Monday, November 18, 2013

Head Checked - now it's time for a GUT CHECK!

When will I learn to listen to my "GUT?"

Two years ago I started reading articles on cOnCUSsiOnS in preparation for all the sports that my son enjoys playing. The hits were getting harder, balls and pucks were coming faster, and kids were getting bigger. I read everything I came across - Good, Bad, Ugly and even ... Scary. I wanted to be prepared if, God forbid, we were ever in that situation. Last year, our beautiful, strong, athletic niece had a serious concussion in a high school basketball game. She has recovered completely, but I saw what that recovery looked like. It wasn't pretty. But the symptoms and the recovery seemed to be in-line with what I had read and learned about this very serious condition.  Again, I was naive and felt reassured that surely I would be prepared and know what it would look like if, again, God forbid it would happen to B.

All this preparation went out the window on Saturday night.

Playing one of the nastiest teams in our league, I should have known something was going to happen.  B went out for his shift and was going after the puck when he was struck by a nasty elbow to his head and flew into the boards. He laid on the ice for what felt like hours, but was only about 2-3 minutes. Braden has taken many hits and many falls - some for dramatic purposes for, what I can only assume was to try to win a Hockey Oscar. But this time was definitely different. Just the way he laid there wasn't right. While the other player was being ejected from the game, Brady opened the door to the ice and went to check on our son, along with our friend, and nurse extraordinaire, Stephanie.

After going through, and passing, a very thorough series of tests he was encouraged to take it easy, but said he felt okay. Just scared that something had happened. He wanted to get back on the bench and be with his teammates. There were only about 5 minutes left in the third period. My GUT told me to take him to the locker room and get him home to rest. My GUT told me to pick him up and carry him out - smelly hockey equipment and all. The fear of embarrassing him in front of his friends and my fear that I was potentially making more out of it than it really was (this is also known as DENIAL ... it really isn't just a river in Egypt! Who knew?), and what would all the hockey parents think, kept me from doing just that. Furthermore, this denial also allowed me and his dad to believe that it was okay for him to sit on the bench and play a shift if he felt like it. Really? This is one of my biggest pet peeves of OTHER people - Who are the parents here? Anyone want to take a guess at what happened next? Well, of course I went to the bathroom, that's a given ... cuz that's what I do. But while I was gone, he got hit again. Not as bad, but still scary for him. This time he came off the bench for the rest of the game. However, still not showing any signs of anything serious, except for the usual tiredness after a hard-fought hockey game.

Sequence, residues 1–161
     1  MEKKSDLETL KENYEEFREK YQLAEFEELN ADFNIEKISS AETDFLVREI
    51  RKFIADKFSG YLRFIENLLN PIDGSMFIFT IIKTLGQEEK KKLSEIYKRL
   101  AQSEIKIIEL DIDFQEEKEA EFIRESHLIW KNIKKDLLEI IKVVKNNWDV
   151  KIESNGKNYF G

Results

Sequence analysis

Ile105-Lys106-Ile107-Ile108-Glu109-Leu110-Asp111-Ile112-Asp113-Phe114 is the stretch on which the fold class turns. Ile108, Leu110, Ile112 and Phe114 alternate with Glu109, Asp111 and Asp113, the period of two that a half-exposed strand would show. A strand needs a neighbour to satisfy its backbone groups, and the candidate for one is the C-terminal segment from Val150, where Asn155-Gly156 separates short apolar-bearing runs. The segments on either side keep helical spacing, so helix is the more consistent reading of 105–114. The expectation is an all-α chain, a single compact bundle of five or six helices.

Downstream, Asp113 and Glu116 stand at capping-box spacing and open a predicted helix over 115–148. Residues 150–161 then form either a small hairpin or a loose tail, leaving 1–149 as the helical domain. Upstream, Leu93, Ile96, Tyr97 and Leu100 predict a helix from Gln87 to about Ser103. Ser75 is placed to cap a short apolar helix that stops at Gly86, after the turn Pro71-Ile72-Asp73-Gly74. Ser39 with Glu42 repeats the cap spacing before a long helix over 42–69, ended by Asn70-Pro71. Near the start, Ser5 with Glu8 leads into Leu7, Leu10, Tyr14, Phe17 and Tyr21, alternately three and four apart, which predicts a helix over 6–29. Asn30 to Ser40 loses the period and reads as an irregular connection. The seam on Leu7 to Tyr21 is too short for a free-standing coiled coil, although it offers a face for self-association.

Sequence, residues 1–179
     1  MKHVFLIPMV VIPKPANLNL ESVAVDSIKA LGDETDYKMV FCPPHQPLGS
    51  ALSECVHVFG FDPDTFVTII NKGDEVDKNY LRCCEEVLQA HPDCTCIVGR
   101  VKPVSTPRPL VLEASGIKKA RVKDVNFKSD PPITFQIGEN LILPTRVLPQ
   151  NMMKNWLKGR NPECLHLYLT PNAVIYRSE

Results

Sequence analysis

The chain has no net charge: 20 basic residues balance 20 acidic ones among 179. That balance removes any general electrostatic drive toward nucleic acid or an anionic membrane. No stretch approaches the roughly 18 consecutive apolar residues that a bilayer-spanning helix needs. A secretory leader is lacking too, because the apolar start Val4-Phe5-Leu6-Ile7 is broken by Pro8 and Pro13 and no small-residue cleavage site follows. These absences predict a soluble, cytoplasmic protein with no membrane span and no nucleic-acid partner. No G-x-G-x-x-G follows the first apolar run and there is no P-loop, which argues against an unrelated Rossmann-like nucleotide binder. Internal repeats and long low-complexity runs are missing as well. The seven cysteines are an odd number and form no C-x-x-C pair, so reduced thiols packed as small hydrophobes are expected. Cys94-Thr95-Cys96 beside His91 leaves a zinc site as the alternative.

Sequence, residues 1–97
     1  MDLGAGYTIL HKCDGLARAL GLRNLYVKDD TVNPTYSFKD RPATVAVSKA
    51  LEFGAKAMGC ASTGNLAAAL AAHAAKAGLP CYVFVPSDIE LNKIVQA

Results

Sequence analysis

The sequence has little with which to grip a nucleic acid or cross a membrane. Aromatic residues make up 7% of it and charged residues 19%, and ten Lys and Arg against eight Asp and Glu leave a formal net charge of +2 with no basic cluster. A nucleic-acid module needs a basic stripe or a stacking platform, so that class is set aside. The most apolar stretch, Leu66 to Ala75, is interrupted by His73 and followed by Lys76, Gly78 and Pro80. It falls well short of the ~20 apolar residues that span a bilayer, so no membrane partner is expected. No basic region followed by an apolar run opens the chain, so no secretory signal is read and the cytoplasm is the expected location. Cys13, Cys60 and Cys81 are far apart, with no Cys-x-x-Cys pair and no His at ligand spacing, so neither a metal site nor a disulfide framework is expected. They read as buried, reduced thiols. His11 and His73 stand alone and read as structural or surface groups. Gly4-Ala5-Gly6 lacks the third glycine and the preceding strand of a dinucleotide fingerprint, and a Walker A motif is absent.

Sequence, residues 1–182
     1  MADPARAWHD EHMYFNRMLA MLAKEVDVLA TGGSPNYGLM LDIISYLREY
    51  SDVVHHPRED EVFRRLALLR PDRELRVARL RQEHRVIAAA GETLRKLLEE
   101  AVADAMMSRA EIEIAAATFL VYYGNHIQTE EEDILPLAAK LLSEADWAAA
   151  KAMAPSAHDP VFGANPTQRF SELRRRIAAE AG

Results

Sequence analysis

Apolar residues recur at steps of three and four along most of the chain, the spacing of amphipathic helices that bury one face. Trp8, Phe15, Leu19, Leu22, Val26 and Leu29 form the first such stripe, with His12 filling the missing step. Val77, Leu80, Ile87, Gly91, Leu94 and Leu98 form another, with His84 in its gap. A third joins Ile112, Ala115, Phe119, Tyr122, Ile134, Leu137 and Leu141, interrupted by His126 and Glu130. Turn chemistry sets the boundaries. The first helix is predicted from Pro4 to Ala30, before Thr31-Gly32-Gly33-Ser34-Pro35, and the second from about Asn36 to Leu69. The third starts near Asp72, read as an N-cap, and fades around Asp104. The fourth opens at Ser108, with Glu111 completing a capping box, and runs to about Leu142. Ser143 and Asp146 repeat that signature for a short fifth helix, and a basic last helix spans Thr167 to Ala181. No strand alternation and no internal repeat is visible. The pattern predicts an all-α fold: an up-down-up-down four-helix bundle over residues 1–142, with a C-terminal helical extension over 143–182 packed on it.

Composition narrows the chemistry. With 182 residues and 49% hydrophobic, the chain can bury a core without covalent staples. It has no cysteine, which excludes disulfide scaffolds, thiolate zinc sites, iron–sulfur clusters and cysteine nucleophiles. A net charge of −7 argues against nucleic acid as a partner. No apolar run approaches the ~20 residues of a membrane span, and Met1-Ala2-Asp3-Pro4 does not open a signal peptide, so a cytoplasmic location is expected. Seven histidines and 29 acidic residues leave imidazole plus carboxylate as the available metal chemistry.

The team wanted to go eat dinner together. My GUT told me to politely decline and go home to rest. After all, it had been a long evening for all of us. He said he felt fine and really wanted to be with his friends. We went to dinner. Then on Sunday he said he felt fine and seemed fine and wanted to play with friends and go to batting practice. My GUT was getting quieter, but still a little nagging that he should just stay in and rest.

Today I got a call from the school. My GUT SCREAMED AT ME - "I was right. You were wrong!"  His vision was blurred, he was blinking uncontrollably when trying to read and his headache had returned. When will I learn to listen to my GUT??!! He has a mild concussion. Bed rest, lots of carbohydrates and protein (that sounds like PIZZA, right?), sleeping and NO VIDEO GAMES or phones. (i.e. he's bored out of his gourd). He's out of school until at least Wednesday.

This weekend I learned a few things about myself concerning my most prized possession-my son:

1) Listen to my GUT.
2) Why the HELL do I care what anyone else thinks about how I raise
     my kid (this is a work in progress - leftover from 
     when he was born!).
3) Be strong when my kid has appeared to be injured but says he
     wants to keep playing and, when in doubt, refer to #1.
4) As hard as you may try, you can never be prepared enough for
     parenthood. Never.
5) Do not waiver from #1.

If he doesn't have any more headaches he may be able to play hockey this weekend. I'm not sure how I feel about that yet. But I guarantee that his dad and I will listen to our GUTS this time.

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